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Don’t Be So Sure

Peter Adamson on skepticism in the history of philosophy.

You may think you know what philosophical skepticism is. It’s commonly traced back to René Descartes, who in his Meditations (1642) asks whether there is anything of which he can be completely certain. Famously, he decides there is: he cannot doubt his own existence. But first he entertains radical skeptical scenarios, notably that he’s dreaming, or that an ‘evil demon’ may be inducing in him false beliefs that seem certain. Pop culture embraces this form of skepticism most famously in the Wachowskis’ film The Matrix (1999), which suggests that you may be a brain in a vat, or rather, Keanu Reeves in a vat. Cartesian skepticism sets a rigorous test for our beliefs, in the hope of finding at least some beliefs that can survive the challenge.

But don’t be so sure about this picture. For one thing, this kind of skepticism appears before Descartes. It is found for instance in the fourteenth century thinker Nicholas of Autrecourt, who wanted to challenge the Aristotelian scholasticism of his day. He proposed that absolute certainty is possible, but only about a very limited range of things. The paradigm case of certainty would be the principle of non-contradiction, which says that a proposition and its precise denial cannot both be true. Nicholas inferred that all genuine knowledge would have to meet this standard of certainty. Thus, the only things you can know for sure are those whose falsehood would entail a contradiction. For instance, you can know that squares have four sides and that a human is an animal, since these things are true by definition; but you cannot know for sure that any square or human you are seeing is real, since no contradiction ensues from supposing them to be illusions. Nicholas ultimately concluded that for the most part, the best we can do is to find beliefs that are probable, not certain.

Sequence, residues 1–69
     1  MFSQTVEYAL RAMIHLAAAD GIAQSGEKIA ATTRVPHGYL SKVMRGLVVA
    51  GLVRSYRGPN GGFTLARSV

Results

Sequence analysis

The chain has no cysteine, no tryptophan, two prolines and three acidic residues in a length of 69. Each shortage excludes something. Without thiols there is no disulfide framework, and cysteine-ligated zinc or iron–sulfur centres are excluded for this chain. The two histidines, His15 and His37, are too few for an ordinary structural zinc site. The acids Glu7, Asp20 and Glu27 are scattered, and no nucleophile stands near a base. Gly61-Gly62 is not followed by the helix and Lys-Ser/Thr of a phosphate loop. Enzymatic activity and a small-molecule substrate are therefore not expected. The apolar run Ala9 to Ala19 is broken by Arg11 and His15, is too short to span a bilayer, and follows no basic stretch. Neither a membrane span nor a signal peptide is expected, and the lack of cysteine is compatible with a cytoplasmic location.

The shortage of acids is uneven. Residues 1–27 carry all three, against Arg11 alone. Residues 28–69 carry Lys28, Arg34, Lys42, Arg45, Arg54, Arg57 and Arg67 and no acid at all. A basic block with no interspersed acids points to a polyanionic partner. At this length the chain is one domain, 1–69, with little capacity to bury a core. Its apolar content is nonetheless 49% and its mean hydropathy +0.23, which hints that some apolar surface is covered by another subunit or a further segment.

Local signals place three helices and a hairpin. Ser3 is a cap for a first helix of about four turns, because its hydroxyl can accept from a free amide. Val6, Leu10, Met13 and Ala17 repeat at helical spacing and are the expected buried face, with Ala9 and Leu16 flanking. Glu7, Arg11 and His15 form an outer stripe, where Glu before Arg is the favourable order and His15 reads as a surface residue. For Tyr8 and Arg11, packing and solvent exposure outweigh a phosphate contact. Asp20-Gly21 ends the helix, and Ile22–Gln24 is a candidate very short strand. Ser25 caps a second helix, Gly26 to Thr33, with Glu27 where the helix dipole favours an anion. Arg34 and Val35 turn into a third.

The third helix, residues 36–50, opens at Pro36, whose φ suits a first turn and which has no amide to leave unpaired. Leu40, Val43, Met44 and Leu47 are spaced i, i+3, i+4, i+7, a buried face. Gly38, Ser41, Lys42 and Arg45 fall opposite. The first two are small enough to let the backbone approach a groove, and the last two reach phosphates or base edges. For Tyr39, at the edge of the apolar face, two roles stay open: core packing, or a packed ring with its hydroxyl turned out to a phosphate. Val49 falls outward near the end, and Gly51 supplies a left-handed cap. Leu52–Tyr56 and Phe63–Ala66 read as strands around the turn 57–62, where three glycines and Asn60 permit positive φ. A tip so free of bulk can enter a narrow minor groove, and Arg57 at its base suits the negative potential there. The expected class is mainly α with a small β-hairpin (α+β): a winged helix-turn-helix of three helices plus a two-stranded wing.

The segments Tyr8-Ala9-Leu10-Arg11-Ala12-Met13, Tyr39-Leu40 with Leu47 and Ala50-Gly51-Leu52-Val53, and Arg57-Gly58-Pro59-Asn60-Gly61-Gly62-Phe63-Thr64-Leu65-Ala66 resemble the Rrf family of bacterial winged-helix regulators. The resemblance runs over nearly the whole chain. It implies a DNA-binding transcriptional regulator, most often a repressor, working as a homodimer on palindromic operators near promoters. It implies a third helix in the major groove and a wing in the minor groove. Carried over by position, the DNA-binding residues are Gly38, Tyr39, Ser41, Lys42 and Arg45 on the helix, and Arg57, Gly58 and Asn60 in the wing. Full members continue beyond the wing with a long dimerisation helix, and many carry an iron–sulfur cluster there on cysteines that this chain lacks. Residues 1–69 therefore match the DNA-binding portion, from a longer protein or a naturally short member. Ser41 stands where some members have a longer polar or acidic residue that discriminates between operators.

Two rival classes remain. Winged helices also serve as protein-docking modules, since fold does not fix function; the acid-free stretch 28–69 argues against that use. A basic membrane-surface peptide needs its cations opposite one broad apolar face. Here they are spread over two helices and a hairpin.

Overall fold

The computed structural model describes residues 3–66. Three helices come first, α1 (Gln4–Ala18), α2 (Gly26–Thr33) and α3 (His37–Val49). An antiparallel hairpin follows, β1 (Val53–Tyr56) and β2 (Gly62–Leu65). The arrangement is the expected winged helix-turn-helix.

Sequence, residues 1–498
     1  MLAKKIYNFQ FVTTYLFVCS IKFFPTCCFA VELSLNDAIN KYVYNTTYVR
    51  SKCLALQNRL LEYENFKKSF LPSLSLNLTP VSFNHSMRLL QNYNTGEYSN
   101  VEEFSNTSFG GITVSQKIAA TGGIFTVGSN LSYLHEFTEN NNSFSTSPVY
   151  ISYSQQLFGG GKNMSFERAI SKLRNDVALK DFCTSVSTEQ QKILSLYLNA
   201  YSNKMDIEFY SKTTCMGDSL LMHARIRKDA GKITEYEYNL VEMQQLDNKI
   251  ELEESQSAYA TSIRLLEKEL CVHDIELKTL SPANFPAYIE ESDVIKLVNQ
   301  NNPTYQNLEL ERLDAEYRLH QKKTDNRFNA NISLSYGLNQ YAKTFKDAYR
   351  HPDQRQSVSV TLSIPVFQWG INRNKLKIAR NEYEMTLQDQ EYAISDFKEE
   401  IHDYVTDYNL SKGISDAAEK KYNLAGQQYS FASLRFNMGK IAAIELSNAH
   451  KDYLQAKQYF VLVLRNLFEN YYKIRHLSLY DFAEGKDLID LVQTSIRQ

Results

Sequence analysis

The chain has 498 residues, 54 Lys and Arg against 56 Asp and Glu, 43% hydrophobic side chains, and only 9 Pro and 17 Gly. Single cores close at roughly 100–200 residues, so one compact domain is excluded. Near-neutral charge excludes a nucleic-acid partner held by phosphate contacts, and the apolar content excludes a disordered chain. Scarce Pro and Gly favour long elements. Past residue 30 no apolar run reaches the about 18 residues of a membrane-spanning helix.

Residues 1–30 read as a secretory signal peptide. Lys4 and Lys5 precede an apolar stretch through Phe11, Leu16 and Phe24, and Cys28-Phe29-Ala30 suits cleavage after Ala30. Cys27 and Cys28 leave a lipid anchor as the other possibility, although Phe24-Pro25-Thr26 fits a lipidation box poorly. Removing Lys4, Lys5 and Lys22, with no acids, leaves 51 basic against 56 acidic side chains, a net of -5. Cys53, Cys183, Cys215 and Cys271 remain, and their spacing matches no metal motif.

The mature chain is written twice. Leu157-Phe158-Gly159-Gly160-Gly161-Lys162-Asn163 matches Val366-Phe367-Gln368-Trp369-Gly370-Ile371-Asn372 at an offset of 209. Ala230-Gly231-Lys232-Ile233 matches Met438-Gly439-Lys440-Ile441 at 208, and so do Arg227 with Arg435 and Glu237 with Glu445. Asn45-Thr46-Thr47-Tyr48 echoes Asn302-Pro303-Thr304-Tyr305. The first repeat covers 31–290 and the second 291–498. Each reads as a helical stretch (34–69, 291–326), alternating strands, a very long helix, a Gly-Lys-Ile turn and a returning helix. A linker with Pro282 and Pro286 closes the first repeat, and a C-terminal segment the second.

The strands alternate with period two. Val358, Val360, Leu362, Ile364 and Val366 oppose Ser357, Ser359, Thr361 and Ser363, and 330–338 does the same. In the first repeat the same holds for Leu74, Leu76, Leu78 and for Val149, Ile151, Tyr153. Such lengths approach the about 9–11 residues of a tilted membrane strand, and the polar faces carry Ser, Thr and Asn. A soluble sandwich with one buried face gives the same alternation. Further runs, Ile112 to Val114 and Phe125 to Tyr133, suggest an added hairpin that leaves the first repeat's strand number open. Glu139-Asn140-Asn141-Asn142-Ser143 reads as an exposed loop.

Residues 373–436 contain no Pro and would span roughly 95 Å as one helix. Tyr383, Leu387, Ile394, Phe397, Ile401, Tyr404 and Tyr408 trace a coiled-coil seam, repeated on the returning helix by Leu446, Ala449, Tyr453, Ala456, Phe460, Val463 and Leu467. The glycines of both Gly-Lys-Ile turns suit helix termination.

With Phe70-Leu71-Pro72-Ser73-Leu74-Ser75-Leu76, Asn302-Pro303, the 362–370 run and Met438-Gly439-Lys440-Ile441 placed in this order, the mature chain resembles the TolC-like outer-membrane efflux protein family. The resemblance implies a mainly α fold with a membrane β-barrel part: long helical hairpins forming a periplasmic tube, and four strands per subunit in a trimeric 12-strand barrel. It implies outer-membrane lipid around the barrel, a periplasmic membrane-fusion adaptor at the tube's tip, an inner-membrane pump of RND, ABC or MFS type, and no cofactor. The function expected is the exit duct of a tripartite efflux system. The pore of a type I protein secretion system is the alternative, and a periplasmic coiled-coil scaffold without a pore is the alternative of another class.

For another thing, there were still earlier forms of skepticism that were very different. The greatest classical Greek skeptic, Sextus Empiricus, lived in the second century AD. He would have seen Nicholas’ admission of the ‘probable’ as a divergence from genuine skepticism, which for him involves ‘suspending judgment’ about all beliefs. His approach is to pile up arguments on both sides of every disputed question, showing that the arguments in favor are ‘in balance’ with those against. Yet Sextus never asserts that any issue is irresolvable or guaranteed to remain uncertain, because he wants to avoid falling into the contradiction of claiming to be certain that nothing is certain. Indeed he critiques other so-called ‘skeptics’ for claiming they know that nothing can be known. They come no closer to true skepticism than do the Stoics. Whereas the Stoics ‘dogmatically’ asserted positive teachings – for instance that virtue is good or that God exists and exercises providence – these other skeptics ‘dogmatically’ asserted a negative teaching, namely that knowledge is impossible.